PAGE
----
Honor Richard Scarry with Graphic Novel-Style Picture Books

Children's author Richard Scarry was born a hundred years ago, on June 5, 1919. The busy pages of Scarry’s picture books overflow with animals at work. He drew the reader’s eye through each page by using long train tracks or curving streets. He used rectangular store fronts, houses and even lines between sand, dirt and grass, like comic panels. Celebrate Richard Scarry by reading other picture books that use this fun, colorful graphic novel-style storytelling.

Maurice Sendak’s classic Where the Wild Things Are begins with small panels that slowly expand to overflow the page. Other books like Some Swell Pup and In the Night Kitchen have fully paneled pages and lots of Scarry-esque item labels.


Raúl Gonzalez packs the pages and panels in ¡Vamos! Let's Go to the Market with animal characters, street signs and decorations that make the Mercado feel bright and alive.

In Aaron Becker’s Journey trilogy, two children with magic crayons draw their way through a fantasy world full of traps and treasures. Lines of crayon and fantastic cityscapes direct the reader’s eye.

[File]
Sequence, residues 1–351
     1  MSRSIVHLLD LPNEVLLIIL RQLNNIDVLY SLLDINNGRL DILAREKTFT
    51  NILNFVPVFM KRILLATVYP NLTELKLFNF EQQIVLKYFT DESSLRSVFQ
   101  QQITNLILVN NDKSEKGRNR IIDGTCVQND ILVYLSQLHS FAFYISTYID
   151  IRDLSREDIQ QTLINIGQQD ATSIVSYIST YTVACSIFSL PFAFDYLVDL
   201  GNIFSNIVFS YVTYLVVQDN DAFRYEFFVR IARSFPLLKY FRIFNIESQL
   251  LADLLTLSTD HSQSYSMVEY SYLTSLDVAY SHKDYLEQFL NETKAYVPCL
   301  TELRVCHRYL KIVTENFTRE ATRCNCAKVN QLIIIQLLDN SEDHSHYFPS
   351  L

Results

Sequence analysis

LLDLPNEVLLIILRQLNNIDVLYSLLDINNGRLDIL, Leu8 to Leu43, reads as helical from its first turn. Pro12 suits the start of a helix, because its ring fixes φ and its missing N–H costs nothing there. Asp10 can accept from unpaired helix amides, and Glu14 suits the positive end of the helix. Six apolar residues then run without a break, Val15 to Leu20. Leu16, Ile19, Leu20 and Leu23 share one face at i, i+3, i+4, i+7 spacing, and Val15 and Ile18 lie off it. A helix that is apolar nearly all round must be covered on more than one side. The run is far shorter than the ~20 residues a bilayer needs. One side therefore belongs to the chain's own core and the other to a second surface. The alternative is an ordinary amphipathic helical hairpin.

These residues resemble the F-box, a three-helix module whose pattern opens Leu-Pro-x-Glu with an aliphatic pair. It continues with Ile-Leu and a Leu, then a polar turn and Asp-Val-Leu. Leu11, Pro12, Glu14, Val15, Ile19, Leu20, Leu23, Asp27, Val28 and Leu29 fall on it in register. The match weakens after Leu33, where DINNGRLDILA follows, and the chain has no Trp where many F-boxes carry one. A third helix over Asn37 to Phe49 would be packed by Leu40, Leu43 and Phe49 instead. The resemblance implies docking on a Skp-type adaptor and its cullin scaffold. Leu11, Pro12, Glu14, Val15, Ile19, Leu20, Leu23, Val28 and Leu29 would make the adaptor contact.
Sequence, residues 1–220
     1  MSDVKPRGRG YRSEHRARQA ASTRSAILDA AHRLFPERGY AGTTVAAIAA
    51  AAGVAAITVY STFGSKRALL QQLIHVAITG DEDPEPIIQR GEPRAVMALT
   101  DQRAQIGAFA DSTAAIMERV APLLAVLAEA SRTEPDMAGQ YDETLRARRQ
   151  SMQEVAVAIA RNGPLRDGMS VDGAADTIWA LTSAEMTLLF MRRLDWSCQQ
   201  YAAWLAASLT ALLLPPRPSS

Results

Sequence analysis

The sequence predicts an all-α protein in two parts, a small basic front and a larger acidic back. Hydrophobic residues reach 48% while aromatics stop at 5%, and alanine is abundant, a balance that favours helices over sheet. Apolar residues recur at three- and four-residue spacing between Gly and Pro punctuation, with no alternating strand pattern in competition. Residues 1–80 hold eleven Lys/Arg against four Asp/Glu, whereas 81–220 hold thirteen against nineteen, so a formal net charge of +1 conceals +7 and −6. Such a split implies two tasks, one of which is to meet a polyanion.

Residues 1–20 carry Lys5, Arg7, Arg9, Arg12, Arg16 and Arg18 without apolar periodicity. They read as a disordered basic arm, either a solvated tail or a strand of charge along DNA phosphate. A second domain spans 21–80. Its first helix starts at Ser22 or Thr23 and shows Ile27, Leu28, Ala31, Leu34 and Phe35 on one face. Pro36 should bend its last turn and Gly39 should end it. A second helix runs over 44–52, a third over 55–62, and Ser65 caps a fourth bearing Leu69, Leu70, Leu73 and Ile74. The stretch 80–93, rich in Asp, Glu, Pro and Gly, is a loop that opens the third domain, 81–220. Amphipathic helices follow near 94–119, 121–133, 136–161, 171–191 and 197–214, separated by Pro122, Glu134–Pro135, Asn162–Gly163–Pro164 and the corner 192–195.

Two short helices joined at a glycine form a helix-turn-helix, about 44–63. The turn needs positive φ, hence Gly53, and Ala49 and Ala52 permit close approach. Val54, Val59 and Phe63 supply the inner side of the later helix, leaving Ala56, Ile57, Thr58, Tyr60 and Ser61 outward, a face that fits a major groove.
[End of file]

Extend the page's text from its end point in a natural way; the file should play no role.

Bill Thomson places comic panels over larger images to focus on important details. The children in Chalk, The Typewriter and Fossil find magic items that bring ancient or unheard of things to life—like dinosaurs and giant buckets of ice cream.


Andrea Tsurumi also combines full-page illustrations with small comic panels to create exciting action sequences, like when Lola runs from her mess in Accident or when Crab speedily bakes a cake in Crab Cake.

Thao Lam doesn’t draw the comic panels in her books—she makes them out of gorgeously textured paper collages! Skunk on A String follows a skunk on an unexpected journey into the sky, and Wallpaper introduces a shy girl who finds a friend in her bedroom wallpaper.

Do you have a favorite graphic novel-style picture book?

We welcome your respectful and on-topic comments and questions in this limited public forum. To find out more, please see Appropriate Use When Posting Content. Community-contributed content represents the views of the user, not those of Chicago Public Library